Since 1979 more than 100,000 animals have been treated by Wildlife Rescue.
Thanks to the support of individuals like you, Wildlife Rescue can provide a lifeline for animals in distress.
Bats are the only true flying mammals in the world, and as such can be found in pretty much every region on Earth, save the Arctic and Antarctic. Contrary to popular belief, bats are not blind and use their eyesight and echolocation to navigate and hunt for food in the dark of night.
It’s that time of year, before spring and fall where our wild friends are scoping out nesting sites and food sources. Many bird enthusiasts create environments for bird species to have access to food and shelter, however; there are times we may need to take precautions and encourage birds to nest in places that are safe for them.
Hummingbirds need to eat A LOT, almost constantly. It may surprise you that such a small species who weighs about the size of a loonie has a high demand for food sources. Hummingbirds can consume half their weight in pure sugar every day. Nectar fuels hummingbird’s metabolism – the highest of an endothermic animal on the earth. Although these food sources are readily available in the spring and summer, winter becomes challenging. Insects and nectar-bearing flowering plants are scarce during freezing temperatures.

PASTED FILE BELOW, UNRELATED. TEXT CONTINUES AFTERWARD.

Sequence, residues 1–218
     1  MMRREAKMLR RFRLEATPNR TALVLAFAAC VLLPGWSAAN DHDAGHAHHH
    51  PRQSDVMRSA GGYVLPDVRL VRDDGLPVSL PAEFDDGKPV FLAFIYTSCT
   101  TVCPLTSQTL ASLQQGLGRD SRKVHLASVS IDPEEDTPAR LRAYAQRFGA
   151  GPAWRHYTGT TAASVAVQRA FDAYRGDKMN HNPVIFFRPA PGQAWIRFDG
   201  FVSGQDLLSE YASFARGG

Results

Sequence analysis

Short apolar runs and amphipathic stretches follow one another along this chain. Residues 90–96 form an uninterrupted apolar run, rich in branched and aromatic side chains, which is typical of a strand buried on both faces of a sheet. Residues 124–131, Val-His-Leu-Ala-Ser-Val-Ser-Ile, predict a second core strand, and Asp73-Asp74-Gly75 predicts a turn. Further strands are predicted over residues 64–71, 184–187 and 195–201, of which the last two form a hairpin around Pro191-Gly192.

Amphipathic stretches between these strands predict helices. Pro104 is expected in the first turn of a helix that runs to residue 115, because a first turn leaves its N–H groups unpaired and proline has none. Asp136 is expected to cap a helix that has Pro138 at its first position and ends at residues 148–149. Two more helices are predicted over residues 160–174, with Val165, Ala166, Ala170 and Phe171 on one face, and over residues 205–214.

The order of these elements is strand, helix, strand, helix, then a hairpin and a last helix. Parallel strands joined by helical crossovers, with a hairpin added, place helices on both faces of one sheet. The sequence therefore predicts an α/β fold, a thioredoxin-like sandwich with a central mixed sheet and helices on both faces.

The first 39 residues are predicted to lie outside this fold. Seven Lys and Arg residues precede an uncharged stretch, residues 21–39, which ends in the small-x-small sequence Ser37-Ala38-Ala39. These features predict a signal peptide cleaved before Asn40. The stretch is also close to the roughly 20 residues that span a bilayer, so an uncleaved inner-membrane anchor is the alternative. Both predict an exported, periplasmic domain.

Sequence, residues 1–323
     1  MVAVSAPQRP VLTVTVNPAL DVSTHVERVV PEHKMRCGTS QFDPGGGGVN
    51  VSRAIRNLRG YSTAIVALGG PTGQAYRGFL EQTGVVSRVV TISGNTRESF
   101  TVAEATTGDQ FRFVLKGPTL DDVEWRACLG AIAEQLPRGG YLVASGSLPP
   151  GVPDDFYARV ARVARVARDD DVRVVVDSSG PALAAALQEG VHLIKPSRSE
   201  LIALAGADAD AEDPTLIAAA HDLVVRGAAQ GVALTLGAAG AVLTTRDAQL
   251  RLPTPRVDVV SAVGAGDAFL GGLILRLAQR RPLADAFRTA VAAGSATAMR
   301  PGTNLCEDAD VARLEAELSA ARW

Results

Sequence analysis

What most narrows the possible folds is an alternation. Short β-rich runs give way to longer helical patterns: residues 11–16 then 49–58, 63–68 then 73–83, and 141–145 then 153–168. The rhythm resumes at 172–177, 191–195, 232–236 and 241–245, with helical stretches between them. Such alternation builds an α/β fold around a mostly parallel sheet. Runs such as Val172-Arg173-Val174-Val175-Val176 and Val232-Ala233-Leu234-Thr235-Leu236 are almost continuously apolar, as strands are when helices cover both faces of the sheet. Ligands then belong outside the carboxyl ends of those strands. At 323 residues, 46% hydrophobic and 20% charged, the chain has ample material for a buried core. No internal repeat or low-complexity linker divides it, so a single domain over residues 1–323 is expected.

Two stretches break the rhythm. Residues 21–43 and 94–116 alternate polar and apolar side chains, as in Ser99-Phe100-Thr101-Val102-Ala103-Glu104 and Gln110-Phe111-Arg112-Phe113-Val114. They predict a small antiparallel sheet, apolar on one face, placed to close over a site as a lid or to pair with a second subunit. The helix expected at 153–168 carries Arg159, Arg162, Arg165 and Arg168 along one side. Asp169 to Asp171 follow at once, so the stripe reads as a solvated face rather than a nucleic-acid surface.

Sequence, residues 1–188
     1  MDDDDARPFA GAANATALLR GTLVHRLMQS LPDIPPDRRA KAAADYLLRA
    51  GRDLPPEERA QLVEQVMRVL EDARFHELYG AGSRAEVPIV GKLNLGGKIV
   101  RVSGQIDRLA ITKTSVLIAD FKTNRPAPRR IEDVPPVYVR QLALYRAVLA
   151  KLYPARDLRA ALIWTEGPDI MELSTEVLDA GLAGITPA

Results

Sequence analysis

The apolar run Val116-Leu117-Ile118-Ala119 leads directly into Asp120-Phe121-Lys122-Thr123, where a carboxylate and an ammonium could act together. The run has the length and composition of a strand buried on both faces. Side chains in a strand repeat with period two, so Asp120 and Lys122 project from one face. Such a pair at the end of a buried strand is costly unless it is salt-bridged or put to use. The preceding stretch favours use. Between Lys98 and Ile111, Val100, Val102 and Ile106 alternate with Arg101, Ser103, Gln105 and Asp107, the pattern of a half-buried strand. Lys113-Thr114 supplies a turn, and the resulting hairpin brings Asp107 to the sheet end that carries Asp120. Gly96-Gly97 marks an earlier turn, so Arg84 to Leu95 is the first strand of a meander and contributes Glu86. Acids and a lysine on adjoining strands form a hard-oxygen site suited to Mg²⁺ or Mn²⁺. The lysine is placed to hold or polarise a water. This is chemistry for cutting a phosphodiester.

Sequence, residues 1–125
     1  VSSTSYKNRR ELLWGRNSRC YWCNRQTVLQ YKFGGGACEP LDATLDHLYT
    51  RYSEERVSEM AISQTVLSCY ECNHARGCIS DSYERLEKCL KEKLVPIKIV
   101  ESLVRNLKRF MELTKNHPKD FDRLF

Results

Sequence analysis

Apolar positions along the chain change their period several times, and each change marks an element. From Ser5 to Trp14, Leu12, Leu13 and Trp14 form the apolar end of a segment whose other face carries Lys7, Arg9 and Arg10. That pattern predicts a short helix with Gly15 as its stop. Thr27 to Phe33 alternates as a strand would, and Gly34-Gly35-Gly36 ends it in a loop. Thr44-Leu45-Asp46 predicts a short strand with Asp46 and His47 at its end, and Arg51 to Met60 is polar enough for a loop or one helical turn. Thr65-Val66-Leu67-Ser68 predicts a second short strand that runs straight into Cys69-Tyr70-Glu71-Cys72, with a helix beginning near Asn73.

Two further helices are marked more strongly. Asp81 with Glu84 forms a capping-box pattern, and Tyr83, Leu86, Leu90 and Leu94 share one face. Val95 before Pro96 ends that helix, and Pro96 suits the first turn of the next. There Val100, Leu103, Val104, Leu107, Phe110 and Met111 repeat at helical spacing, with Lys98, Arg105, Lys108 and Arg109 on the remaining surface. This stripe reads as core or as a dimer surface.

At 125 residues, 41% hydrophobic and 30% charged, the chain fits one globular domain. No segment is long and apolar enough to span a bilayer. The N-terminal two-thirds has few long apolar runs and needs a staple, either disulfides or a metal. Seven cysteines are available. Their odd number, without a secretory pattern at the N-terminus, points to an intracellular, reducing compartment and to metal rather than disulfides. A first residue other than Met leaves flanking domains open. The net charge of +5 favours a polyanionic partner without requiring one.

The windows in our homes are a huge danger to our neighborhood birds. In the spring, birds are migrating north to find the best place for nesting and raising their young. As they are navigating our yards they can fly into windows because the foliage and sky are reflecting, making it look as though the animal can fly through.
As we prepare for deadly cold snaps this winter, we want to educate and encourage our friends on how we can become instrumental to the survival of these hummingbirds.
Wildlife Rescue BC encourages the public to refrain from these options at all costs and learn how to resolve rodent and wildlife proliferation in your home and residence with options that are inhumane and those that protect and serve the wildlife in our environments.
Learn how to stay safe and enjoy bats in the wild.
“We want to educate the public and encourage them to allow wildlife to find their own food and call our helpline when in doubt or if you suspect unusual behavior” says Janelle Stephenson, hospital manager.
If you suspect a baby bird in your neighborhood has been injured or displaced call our Wildlife Rescue team right away. Time is of the essence, the sooner medical care is provided, the higher the chances of survival.
We all welcome the chance to spend more time outdoors and Wildlife Rescue wants to help you co-exist with nature a bit better. Since it’s also the start of baby bird season, we’d like to offer you an easy list to follow to ensure baby birds (and mammals!) are not separated from their parents.